High Elevation Cooking: Solutions to Baking and Cooking at Elevations over 5,000 feet

Water boils at a lower temperature at 5,000 feet than it does at sea level. This is due to lower air pressure at higher elevations. At first this may sound like a benefit, but it can wreak havoc on cooking. Cakes and cookies come out flat and gooey. Beans will boil for hours and still be hard.

High Altitude Adjustments for Baking

The first rule of high altitude baking is to cut the leaving. Baking at higher altitudes makes cakes and cookies rise fast and fall before being cooked through. At 5,000 feet reduce the leavening by 1/4, at 7,000 reduce the leavening by 1/2. That is, at 5,000 feet use 3/4 of the total amount of leaving called for. At 7,000 feet use 1/2 the total leavening called for.

It also helps to reduce the fat and sugar by about 2 tablespoons per cup. As well, increasing the oven temperature by 25 degrees aids in better results. Play around with the adjustments to find what works best in your situation.

High Altitude Adjustments for Boiling

Foods that are boiled such as beans, rice and macaroni will need to be cooked for longer at high elevations. Increase cooking time for rice and pasta 3-5 minutes. For white rice, be sure to use 2 parts water to every 1 part rice.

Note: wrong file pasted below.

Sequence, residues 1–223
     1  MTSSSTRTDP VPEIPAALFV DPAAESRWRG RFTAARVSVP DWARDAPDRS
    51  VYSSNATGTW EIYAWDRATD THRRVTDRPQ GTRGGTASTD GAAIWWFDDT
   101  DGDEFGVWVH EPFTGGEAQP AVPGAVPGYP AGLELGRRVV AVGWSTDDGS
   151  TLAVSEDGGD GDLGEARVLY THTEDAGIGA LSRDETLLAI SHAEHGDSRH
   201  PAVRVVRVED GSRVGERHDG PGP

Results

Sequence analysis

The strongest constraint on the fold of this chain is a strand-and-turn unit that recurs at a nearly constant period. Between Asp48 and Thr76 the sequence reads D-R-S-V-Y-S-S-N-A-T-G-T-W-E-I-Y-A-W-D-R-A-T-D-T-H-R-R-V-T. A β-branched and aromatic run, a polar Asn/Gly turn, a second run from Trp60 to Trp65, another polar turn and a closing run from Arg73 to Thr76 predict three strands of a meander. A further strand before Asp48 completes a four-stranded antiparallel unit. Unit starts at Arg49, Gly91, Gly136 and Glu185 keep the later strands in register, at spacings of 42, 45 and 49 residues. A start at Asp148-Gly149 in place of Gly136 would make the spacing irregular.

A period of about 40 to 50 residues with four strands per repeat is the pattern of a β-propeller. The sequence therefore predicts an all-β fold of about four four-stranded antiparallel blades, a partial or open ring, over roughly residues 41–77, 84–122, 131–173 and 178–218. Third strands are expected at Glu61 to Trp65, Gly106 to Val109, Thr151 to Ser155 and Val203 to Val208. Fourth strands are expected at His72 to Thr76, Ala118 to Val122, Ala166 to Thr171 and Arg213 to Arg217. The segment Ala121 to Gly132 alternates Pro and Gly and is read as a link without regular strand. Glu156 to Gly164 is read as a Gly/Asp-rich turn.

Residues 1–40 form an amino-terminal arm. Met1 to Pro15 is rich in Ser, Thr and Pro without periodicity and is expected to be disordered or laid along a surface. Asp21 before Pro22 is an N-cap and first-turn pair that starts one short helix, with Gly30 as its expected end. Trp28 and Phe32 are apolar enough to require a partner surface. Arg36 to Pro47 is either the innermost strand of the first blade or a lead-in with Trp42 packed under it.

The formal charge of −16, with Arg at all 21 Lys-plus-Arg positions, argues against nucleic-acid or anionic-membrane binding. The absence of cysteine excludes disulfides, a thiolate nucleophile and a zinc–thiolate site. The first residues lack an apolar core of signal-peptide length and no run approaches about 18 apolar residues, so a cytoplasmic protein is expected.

In some situations, fibrous foods such as beans, brown rice, and wild rice will not cook even with increased cooking times. Brown rice can scorch. If this is the case, consider a pressure cooker.

Pressure Cookers

Since water boils at a lower temperature at higher elevations, the use of a pressure cooker can solve the problem of crunchy beans. A pressure cooker allows steam to build up and create higher air pressure and water that boils above 212 degrees.

As well, foods cook faster in a pressure cooker due to the excellent heat transfer ability of steam. A pot of beans can cook in just 1 hour.

High Altitude Bread Making

Yeast rises faster in higher elevations. When baking great bread at high altitude, watch the rising dough carefully to avoid over rising.

When using a bread machine, either increase the salt by 1/4 to 1/2 teaspoon, or decrease the yeast by 1/4 teaspoon per package. Salt inhibits the growth of yeast and can keep it from rising too fast. If the yeast rises too fast and falls, the result will be a dense, hard loaf.

If the bread dough is too dry, increase the liquid by 1 to 2 tablespoons per cup of flour. Dry bread dough in a bread machine results in coarse bread.

Becoming aware of the necessary adjustments at high elevations can avert many a spoiled meal.